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Chores, Part 3

2011 May 12
by Pamela

Hopefully this is the grand finale of my posts on chores, ending with “And then we all lived happily ever after and Mama didn’t have to do housework ever again”.

A girl can dream.

I already wrote about how the American Girl doll obsession became the impetus for starting formal chores in Part 1.  In Part 2 I wrote about how we decided what chores Mary Claire could do.  After we picked the chores and typed them up, I assumed my work was over.

On the first day she began doing chores for money, she eagerly went to her chart and asked “What does it say?”  I gave her a job, she went and did it, then came back and said “What does it say I’m supposed to do next?”  This went on for several days before I realized, duh, she’s still learning to read.  Not only that, but unless I was willing to stand next to the fridge all the live-long day, there had to be some designated times in our house when she did her chores.

So I went online looking for a pictorial chore chart but I couldn’t find a thing.  Then I looked in our homeschool resource catalog.  There were a million charts, one of which had pictures.  But I didn’t like the layout and the pictures were beyond cheesy.

Streamlining the chore process and making her chart readable were imperative if we were going to stick with this, so I started brainstorming and decided I was going to have to create my own.  Although I am a person who values beauty and creativity, I am not exactly a crafty person.  I was lamenting the chore chart issue to a fellow homeschool co-op mom Liz who suggested I use a Cricut which allows you to diecut images and letters to create designs.  Since her daughter needed to raise money for camp and a mission trip this summer, we agreed that I would pay her to make a chart for us.

And this is it!   The Most Gorgeous and Helpful Chore Chart Ever! 

Didn’t she do a great job?

Most charts are designed with a Monday-Sunday system, but that didn’t make sense for me since a lot of her things needed to be done on a daily basis.  For that reason I asked Abbi to lay out the chart based on time of day.  The first two rows are for “morning”, items that need to be done before school.  The next group is for the afternoon, and the final two rows are our evening routine. 

Then there are some chores that are done whenever Mrs. Mom says so, like dusting.  When I feel like cleaning the house, it’s dusting day.  When I decide to go grocery shopping, Mary Claire needs to help me put the food away.  I liked the idea of being able to move items as needed.  Plus Mary Claire is motivated by being able to cross things off a list, so having the designs movable would be helpful.  Each laminated box has velcro (genius!!!) on the back, so after she completes the work she can take the design off for the day.  Seriously, how brilliant are Liz and Abbi?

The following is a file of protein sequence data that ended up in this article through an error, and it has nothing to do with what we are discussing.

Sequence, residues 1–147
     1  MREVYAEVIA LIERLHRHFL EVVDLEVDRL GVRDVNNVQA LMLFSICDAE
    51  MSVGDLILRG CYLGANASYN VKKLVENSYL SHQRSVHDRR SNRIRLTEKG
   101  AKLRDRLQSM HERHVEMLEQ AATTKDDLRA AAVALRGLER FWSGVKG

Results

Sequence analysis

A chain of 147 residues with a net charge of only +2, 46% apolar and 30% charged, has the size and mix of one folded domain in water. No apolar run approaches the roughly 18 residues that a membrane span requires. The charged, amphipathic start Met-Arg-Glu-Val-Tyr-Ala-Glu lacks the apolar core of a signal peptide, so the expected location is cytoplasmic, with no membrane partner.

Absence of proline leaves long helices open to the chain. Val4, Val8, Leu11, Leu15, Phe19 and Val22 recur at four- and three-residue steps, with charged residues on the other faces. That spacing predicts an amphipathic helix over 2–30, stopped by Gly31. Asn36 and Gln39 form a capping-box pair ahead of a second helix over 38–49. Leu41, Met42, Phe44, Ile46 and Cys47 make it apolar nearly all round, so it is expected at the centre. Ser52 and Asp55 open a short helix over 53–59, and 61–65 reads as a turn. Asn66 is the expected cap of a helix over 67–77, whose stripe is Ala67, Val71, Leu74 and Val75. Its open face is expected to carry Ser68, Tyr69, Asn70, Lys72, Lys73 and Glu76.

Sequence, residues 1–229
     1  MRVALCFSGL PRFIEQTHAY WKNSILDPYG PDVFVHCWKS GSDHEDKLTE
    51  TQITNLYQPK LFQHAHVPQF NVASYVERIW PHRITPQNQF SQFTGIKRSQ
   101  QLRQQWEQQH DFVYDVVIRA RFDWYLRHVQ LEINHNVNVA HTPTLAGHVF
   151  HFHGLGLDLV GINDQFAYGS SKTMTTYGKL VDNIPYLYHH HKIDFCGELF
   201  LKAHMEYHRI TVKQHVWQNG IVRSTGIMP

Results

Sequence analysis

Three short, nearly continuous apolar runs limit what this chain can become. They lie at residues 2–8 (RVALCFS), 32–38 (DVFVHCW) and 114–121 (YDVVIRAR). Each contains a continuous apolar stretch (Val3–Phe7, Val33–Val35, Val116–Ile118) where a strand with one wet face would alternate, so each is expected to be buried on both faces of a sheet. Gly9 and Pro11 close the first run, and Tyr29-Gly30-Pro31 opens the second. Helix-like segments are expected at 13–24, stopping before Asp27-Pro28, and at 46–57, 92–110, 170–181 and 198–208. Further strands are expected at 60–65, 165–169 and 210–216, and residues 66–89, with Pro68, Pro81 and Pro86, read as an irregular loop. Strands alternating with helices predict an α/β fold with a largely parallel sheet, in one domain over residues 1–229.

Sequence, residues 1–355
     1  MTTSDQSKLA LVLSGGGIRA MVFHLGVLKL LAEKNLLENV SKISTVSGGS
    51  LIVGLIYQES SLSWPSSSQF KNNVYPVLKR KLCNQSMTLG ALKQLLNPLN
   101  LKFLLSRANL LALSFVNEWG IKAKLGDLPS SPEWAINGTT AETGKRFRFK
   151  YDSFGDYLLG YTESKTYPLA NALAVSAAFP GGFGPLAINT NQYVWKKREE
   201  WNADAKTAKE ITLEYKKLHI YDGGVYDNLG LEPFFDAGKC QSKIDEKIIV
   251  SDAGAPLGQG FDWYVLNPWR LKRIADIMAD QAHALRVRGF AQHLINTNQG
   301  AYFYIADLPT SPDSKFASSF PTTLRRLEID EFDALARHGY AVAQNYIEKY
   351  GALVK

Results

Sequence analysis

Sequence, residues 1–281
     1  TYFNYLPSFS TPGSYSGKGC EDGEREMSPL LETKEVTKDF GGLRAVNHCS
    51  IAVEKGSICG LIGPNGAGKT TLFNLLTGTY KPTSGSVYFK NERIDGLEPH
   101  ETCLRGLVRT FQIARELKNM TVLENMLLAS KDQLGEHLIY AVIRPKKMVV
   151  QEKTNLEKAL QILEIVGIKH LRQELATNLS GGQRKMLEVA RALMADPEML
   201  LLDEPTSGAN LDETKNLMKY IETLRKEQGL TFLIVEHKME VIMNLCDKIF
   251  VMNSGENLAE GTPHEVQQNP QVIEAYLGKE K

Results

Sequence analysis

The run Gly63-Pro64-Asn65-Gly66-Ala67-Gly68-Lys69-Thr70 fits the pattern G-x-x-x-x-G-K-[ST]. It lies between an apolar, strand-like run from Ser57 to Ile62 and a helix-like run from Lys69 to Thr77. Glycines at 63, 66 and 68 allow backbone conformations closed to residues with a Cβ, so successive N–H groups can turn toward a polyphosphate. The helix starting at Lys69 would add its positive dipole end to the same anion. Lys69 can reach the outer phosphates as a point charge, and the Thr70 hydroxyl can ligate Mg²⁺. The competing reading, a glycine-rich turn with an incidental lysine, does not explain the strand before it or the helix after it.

Even though I said I wasn’t paying any kid of mine to brush her own teeth, I included personal hygiene things of the chart anyway.  To me this is an important part of streamlining the day.  In the evening, for example, I ask her to go to her chore chart and do what she needs to do in order.  So she can see that she needs to put toys away, put all the shoes back in the bin (why oh why is it so hard to put your shoes right in the cubby?) , feed the cats, and clear the table after snack time.  Using this method for organizing the chart also organizes the day.  It allows Mary Claire to fluidly run through her routine at distinct times of the day without feeling overwhelmed by a huge list. 

Mrs. Holt, Mary Claire’s Math and Literature teacher at co-op, suggested I write the chore on each box so she starts recognizing the words, which I am going to do as well. 

We’ve only been using this for a few days, but so far it has proven to be very helpful and enjoyable for all of us.  Thanks again to Liz and Abbi for working with me to create something so fun and useful.   Mary Claire’s dream of going to the American Girl store in Chicago seems more attainable to all of us.  And I can get back to Important Matters, like figuring out where to eat while we are there.

4 Responses leave one →
  1. Karina permalink
    May 12, 2011

    Hi Pamela-

    This is great. I have a strong suspicion many of your friends may want your co-op buddy to make these. She did an awesome job! We have been discussing formal chores for Ian as well (to start with Fall-preschool). He does a great deal now to help but we want to teach him some new skills and getting paid for chores will help do that.

    • Pamela permalink*
      May 20, 2011

      I hear you have a cricut too so maybe you could go into a side, side business after taking care of a house, husband, two kids, and doing MK. :)

  2. jenny baugh permalink
    May 12, 2011

    Love it!

  3. May 14, 2011

    The chart turned out so great!

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